Employee Background Check Rights

You need to know your employee background check rights because when you apply for a job, the employer is not only going to look at your application and resume but also the employer is going to order your background report. The background report provides detailed information about your criminal record, your employment history, and your driving record.

When an employer buys your background report, they must follow some rules. Similarly, when you apply for a job, you have certain employee background check rights.

To request and review your background report, an employer needs your permission. Usually, you have to give your permission in writing by signing a form which is often buried somewhere in the job application. You have the right to reject an employer’s request to check your background, but if you do that, you might not get the job.

Please remember that with our expanding social websites and the amount of private information available on public websites, the employer doesn't need your permission to learn more about you as it is very easy to find information about people online. That said, the employer might still want to perform a formal background check for more details and save time.

Your credit report is a very important part of your background report. A credit report has information about whether you pay your bills on time or late, how much money you owe, and if you have filed for bankruptcy or someone has sued you.

To minimize your risk of losing a job because of some information in your credit repot, get a free copy of your own credit report by calling Annual Credit Report at 1-877-322-8228 or visiting www.annualcreditreport.com before you apply for the job. By reviewing your credit report, you can see exactly what your future employer will learn about you. And if you find errors, you should contact the credit reporting agencies and ask them to investigate the errors.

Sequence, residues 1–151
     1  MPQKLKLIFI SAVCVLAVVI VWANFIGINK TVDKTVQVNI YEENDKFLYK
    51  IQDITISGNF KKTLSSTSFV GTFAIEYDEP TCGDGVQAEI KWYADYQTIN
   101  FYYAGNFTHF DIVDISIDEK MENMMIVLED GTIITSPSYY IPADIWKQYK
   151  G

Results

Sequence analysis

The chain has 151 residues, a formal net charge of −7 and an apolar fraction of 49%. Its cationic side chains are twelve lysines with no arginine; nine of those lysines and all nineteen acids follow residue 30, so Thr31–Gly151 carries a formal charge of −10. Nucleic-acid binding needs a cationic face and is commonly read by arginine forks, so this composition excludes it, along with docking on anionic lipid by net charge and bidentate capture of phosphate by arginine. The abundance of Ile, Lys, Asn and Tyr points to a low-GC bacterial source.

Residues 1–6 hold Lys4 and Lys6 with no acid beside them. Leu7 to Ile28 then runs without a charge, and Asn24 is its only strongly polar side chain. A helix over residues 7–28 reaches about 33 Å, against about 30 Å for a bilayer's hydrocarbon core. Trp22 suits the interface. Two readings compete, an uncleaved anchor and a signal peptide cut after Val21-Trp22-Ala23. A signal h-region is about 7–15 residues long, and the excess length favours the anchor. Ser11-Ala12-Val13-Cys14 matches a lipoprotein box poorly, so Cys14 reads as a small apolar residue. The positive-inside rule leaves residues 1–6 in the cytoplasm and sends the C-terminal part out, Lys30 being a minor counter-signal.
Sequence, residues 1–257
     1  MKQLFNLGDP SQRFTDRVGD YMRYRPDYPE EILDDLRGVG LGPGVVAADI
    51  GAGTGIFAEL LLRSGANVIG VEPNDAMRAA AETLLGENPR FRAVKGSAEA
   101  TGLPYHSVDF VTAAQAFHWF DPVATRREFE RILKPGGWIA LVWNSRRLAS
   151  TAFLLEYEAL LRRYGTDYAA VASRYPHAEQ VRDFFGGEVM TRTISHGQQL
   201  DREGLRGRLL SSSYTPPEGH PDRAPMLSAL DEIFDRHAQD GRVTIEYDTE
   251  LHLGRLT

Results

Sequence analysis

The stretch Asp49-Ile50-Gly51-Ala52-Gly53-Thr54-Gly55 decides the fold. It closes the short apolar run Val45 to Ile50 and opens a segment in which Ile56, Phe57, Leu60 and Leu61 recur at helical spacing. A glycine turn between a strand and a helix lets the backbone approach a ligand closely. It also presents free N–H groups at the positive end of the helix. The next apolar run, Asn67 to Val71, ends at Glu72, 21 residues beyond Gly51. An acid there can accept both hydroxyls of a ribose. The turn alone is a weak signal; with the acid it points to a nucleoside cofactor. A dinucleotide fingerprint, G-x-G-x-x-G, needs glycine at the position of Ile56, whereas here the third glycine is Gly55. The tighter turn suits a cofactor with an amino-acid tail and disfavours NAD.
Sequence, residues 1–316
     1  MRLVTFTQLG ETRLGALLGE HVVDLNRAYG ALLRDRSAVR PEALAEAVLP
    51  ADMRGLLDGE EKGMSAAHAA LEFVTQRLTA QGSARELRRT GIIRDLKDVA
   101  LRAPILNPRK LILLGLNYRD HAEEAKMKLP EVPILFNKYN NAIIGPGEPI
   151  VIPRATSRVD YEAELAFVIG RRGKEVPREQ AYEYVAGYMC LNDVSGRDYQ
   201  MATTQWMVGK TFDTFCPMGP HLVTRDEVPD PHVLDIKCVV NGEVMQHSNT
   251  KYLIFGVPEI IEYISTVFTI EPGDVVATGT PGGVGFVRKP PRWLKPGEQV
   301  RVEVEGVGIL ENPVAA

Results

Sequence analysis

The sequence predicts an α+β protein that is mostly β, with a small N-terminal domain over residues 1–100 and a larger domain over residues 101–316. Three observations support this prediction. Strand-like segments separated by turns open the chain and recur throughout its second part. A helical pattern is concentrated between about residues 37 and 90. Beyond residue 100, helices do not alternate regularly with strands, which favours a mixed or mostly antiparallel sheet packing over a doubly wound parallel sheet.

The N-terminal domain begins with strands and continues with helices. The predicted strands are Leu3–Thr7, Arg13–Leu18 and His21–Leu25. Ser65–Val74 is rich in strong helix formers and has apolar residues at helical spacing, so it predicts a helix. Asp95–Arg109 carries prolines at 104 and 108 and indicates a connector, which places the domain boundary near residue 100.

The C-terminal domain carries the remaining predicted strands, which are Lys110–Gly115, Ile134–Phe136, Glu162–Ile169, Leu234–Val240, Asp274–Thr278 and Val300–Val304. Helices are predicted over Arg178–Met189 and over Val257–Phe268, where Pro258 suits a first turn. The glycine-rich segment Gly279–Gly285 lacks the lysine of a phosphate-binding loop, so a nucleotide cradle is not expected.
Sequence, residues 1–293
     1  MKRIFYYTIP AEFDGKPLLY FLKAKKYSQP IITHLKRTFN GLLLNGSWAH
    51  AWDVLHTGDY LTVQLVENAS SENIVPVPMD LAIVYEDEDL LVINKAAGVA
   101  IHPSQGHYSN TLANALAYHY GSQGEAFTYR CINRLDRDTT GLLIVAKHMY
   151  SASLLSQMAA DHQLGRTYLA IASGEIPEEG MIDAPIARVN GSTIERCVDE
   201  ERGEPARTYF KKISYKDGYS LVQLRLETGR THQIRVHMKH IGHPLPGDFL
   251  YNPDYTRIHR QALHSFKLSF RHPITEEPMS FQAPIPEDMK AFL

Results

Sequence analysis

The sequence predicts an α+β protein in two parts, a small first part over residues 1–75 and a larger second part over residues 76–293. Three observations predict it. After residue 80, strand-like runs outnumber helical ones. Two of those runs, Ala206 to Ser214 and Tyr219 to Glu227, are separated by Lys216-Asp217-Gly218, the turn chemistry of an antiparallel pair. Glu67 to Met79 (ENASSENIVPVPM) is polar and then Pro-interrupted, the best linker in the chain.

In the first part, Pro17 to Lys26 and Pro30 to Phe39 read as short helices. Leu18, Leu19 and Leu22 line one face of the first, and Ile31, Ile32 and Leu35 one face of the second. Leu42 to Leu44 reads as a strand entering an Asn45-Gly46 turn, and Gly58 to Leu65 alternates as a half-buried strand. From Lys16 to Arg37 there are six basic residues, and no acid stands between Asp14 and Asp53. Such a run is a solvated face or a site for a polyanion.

Background reports also include criminal records but don’t assume that a criminal record allows an employer to automatically rule out a job candidate. A criminal record might disqualify you from some jobs but don’t assume how the employer will react and don’t get discouraged to apply.

Employee background check rights also include government assistance and if you suspect your rights are violated, call the Equal Employment Opportunity Commission, or EEOC at 1-800-669-4000 to file a complaint.

So let's say you apply for a job, but the employer is thinking of not hiring you because of some information in your background report, the employer has to let you know by giving you an Adverse Action Notice, and a copy of the background report that was used to make the employment decision. The employer also has to give you information about your employee background check rights which include a free copy of your credit report, as well as the name, address, and phone number of the company that produced the report. If you ask that company for a copy of your report within 60 days of getting turned down for the job, you won't have to pay for the report.

Then, you must review your background report and if you find things that you think you can explain to the employer, you should contact the employer and offer some explanation. You might also find mistakes in your report that you can ask the background report company to fix and send a new corrected copy of your report to the employer.

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